Diver in Hot Water For Bragging About Whale Shark Catch
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2017-03-10 11:30:57

A man claiming to have a “big catch” for sale is now being investigated for illegal shark fishing.

The suspect, Yao Peng, posted a 30-second video of divers catching what looks like a whale shark in a chat group on messaging app WeChat. The video and screenshots of the group chat have circulated online since Wednesday. 

“Caught the big guy yesterday. How much is its fin worth?” Yao wrote in the chat group. “As a diver, you should protect endangered animals, bro,” one person replied. “Then who will take care of me?” Yao shot back.

Whale sharks are considered endangered by the International Union for Conservation of Nature, and the animal was also included in the appendices of the Convention on International Trade in Endangered Species of Wild Fauna and Flora, to which China is a party.

An online video of what appears to be a whale shark being captured has led to an investigation of the illegal hunting of protected species.

The Zhanjiang Ocean and Fisheries Bureau of southern China’s Guangdong province announced Thursday that it had investigated the alleged illegal fishing incident. Yao had told them that the video was shot in the waters near Sanya, in Hainan province, an island off the coast of Guangdong. The authorities there said on Friday that they were looking into the case.

An employee of the Zhanjiang Ocean and Fisheries Bureau, who declined to give her name, told Sixth Tone that the bureau is working with the Hainan ocean and fisheries department. She declined to comment further, saying that the incident was still under investigation.

Yao told Sixth Tone’s sister publication, The Paper, on Friday that he was not present during the incident and that he had sent the video “as a joke.” He said that a friend had posted the video to his Moments, a Facebook-like feed on WeChat, and that the divers were releasing the shark into the water in a Buddhist ritual to return animals to the wild, not catching it.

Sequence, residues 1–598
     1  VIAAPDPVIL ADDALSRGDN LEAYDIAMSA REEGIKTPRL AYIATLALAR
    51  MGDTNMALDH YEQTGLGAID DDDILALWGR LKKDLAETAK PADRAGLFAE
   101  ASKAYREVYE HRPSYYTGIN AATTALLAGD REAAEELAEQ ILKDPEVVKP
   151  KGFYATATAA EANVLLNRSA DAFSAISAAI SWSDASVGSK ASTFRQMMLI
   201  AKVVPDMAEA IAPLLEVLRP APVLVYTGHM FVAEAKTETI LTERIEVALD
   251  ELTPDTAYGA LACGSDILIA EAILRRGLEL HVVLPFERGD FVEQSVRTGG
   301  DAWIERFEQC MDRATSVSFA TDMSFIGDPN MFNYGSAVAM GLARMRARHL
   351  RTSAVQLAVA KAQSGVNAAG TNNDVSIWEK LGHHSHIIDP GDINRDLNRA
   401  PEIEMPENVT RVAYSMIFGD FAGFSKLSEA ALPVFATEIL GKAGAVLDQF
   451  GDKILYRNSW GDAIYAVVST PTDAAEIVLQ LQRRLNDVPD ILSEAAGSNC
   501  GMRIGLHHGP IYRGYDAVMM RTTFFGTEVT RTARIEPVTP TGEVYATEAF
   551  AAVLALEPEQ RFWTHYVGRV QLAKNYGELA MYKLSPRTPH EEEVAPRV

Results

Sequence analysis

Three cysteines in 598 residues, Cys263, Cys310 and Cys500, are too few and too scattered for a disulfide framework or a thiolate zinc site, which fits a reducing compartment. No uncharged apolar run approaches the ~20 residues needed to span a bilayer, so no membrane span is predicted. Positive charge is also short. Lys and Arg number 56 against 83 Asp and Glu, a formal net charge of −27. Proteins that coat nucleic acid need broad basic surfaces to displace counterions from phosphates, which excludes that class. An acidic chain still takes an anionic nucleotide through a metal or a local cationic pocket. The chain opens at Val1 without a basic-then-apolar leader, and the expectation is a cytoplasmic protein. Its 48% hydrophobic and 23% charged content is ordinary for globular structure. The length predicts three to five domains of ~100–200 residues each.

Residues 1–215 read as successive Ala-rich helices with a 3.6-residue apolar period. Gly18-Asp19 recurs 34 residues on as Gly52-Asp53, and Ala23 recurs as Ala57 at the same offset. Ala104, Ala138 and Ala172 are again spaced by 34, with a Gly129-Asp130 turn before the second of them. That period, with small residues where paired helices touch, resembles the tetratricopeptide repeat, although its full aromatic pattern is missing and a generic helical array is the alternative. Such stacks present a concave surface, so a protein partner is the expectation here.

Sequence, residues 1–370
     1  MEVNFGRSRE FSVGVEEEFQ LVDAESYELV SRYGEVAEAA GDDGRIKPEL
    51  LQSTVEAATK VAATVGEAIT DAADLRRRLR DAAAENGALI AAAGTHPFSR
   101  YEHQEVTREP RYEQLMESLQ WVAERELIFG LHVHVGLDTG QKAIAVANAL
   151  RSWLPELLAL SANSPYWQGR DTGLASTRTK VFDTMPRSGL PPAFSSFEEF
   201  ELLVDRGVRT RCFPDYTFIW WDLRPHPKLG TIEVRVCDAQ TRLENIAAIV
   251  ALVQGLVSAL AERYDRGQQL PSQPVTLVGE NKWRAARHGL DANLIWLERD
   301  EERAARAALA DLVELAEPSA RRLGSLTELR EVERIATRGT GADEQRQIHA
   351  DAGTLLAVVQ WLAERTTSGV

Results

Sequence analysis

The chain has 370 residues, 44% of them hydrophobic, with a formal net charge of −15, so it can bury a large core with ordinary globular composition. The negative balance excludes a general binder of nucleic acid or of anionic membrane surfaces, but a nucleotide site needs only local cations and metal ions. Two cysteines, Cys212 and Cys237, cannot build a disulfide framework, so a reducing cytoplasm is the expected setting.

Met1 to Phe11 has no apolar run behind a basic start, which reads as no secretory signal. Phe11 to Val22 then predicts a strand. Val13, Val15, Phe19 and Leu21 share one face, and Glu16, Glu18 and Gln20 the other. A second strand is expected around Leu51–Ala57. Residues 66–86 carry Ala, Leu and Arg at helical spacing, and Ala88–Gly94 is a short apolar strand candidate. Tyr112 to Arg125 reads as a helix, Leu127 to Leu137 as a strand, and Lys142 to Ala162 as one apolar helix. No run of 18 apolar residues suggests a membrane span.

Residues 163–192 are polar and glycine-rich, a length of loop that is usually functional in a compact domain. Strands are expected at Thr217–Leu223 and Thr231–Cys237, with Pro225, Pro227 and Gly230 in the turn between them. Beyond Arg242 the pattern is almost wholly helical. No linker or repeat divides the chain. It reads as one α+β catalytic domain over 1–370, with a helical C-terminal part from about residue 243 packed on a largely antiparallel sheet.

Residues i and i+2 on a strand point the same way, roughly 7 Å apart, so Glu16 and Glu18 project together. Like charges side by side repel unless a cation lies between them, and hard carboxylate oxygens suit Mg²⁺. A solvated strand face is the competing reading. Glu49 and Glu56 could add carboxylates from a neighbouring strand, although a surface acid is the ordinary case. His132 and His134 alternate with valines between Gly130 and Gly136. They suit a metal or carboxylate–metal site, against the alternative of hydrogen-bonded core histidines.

Dai Xiaojie, a marine fishery science and technology professor at Shanghai Ocean University, told Sixth Tone that because the whale shark is the largest fish species in existence, some fishermen catch the rare animal to show off. The animal’s fin is regarded as a delicacy.

In May 2016, a whale shark was captured in southern China’s Guangxi Zhuang Autonomous Region. Marine police later found out that the whale shark had been killed and turned into fertilizer for sale. In August 2015, a video circulating online showed fishermen killing a whale shark in Guangdong province.

Zhu Qian, a marine animal professor at the marine college of Shandong University, told Sixth Tone that, even though whale sharks are protected animals, inadequate law enforcement means they are still vulnerable to poaching. 

With fishing growing increasingly prevalent, some whale sharks are caught by mistake, Zhu said. Regulations state that fishermen should release the animals or report catches to the authorities. But, Zhu said, “if divers deliberately capture a whale shark, it goes against wildlife protection law.”

Editor: Kevin Schoenmakers.

(Header image: A whale shark swims in a tank at an aquarium in Guangzhou, Guangdong province, Feb. 6, 2007. Chen Qiuming/VCG)